This is all to say, go into They Shall Not Grow Old expecting a technological marvel the likes of which you’ve never seen before, but also be prepared for a difficult emotional journey. This ain’t your grade school history class war documentary. This is a deeply personal and intimate look at the lives of soldiers, men as young as 14 to as “old” as 19 in most cases, who signed up for the war effort out of patriotic duty, with some paying the ultimate price. Obviously, the men telling us of their experiences throughout the film are those who made it home alive, but not all did so in one piece. And those lucky few who did still carried the psychological scars and nightmarish memories from the experience. This film simultaneously rekindles a deep appreciation for their sacrifices (and for veterans of more modern wars and soldiers still serving today) while also reminding us of the human toll, senseless carnage, and man’s inhumanity towards their fellow man in the arena of war.
Jackson’s narrative here is not typical. This isn’t a war film through the lens of Steven Spielberg, who even in his most realistic and dire depictions of military combat avoids the more gruesome aspects of death and decay. Neither is it the gore fest of a Mel Gibson war movie, which heightens the violence in dramatic fashion. That’s not to say Jackson has or should take credit for the style here, it’s simply that his crafted narrative lets everything play out in as realistic a way as possible because it’s comprised of actual film footage and photographs taken by the men on the front lines and in the trenches. Audiences won’t get to follow named soldiers of all ranks, races, and creeds through the war because this isn’t the tale of one hero’s journey or even a heroic squad of soldiers. It’s a tale told on the level of the individual, the unit, the battalion, and the whole army itself as these young men are drilled into shape before being shipped off to the front. And for the most part, it’s all fun and games until about halfway through the feature.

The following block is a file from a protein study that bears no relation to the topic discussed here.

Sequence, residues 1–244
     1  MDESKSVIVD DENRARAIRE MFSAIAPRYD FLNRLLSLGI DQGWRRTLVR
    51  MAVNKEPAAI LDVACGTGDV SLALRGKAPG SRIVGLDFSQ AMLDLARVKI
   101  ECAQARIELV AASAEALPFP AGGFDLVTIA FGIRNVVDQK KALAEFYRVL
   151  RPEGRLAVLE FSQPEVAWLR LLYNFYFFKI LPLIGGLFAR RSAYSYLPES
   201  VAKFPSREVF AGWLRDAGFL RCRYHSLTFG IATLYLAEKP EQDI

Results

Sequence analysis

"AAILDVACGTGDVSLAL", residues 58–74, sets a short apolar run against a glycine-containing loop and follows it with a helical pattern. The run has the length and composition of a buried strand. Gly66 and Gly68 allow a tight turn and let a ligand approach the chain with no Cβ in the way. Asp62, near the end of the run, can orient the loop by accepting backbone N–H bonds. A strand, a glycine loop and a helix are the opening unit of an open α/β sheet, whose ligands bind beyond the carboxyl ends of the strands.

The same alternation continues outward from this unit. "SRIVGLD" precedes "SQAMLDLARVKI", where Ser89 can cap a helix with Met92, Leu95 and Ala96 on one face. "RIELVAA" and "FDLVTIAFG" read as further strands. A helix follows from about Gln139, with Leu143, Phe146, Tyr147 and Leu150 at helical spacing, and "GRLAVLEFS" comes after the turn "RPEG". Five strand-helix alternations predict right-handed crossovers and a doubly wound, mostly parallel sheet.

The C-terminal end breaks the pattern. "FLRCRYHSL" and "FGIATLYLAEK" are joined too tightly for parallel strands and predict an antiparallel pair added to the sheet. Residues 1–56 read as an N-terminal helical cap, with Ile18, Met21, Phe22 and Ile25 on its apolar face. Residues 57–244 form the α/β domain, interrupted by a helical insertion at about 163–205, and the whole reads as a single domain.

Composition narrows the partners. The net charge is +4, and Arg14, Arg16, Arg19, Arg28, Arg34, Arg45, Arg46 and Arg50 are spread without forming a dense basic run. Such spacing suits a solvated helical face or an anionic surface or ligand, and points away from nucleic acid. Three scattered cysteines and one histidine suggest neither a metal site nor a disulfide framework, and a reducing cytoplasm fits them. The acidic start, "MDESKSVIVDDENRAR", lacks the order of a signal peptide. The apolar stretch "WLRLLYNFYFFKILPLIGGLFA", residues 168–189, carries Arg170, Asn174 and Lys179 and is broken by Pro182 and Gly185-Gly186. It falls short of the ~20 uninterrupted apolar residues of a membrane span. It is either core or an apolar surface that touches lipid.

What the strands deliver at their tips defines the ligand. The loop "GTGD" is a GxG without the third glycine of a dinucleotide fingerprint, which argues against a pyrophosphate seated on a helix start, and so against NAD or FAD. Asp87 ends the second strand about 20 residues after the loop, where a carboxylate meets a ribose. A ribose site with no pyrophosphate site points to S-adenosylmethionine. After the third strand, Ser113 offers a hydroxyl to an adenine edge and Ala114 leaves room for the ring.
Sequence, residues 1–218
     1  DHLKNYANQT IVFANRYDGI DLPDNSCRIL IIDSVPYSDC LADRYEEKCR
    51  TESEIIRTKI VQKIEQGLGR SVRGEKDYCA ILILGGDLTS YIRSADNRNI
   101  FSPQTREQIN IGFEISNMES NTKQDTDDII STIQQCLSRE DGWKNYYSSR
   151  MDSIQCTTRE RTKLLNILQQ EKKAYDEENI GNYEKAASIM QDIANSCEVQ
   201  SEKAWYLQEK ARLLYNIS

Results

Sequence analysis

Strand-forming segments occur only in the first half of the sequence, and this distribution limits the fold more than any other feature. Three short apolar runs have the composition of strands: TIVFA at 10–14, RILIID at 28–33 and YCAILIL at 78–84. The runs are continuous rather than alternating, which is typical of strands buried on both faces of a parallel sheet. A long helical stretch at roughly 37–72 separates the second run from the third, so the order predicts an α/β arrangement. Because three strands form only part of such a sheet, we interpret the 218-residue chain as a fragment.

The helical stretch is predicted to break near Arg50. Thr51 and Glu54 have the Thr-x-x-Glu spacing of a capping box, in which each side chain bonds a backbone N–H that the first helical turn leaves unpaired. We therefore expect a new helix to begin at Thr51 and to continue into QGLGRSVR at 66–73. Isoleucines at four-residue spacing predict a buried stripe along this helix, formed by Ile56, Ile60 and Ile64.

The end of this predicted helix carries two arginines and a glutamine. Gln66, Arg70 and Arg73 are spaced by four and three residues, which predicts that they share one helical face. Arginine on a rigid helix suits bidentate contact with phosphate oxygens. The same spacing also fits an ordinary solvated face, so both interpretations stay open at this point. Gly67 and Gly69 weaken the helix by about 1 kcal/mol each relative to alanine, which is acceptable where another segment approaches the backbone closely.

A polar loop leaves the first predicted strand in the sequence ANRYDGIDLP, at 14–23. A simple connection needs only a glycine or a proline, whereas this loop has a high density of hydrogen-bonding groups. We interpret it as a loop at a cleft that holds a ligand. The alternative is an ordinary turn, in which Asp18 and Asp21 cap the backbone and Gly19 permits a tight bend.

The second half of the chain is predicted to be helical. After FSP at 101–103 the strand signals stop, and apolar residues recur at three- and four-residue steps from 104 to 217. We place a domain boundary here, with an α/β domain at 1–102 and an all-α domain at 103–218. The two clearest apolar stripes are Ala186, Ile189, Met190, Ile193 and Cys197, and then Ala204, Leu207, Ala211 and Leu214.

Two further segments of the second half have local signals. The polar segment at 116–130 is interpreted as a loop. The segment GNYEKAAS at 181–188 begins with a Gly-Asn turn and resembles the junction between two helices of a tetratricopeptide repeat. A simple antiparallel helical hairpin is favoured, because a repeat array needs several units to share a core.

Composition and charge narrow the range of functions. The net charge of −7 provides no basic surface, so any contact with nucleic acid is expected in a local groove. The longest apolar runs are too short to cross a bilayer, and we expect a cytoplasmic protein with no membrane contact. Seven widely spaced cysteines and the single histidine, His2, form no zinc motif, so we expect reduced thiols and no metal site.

The footage does not shy away from the realistic violence that took place in No Man’s Land. Machine-gun fire, mortars and anti-personnel rounds, the effects of poisonous gas, and deaths by bayoneting, garotting, and gunfire are all highlighted in one way or another, accompanied by the dying, dead, and decomposing corpses of man and beast alike on screen; animal lovers, especially those of you who are fond of horses, will find some tough moments in this film. But it’s the fact that we get to see these flesh-and-blood soldiers in their prime, living together in less-than-ideal conditions for days, weeks, and months before they march stoically to their own deaths in a matter of moments that really drives the message home in this piece. Seeing the faces, the mannerisms, the flaws and imperfections of real people that are often lost or glossed over in dramatic fictions makes this depiction of war feel all the more real, all the better to never forget this Hell on Earth and the men on both sides who fought in it.
They Shall Not Grow Old is, at once, a technical marvel of historical importance, a deeply moving personal story of real-world heroes, and a timeless reminder that the atrocities of war must necessarily be avoided at all costs.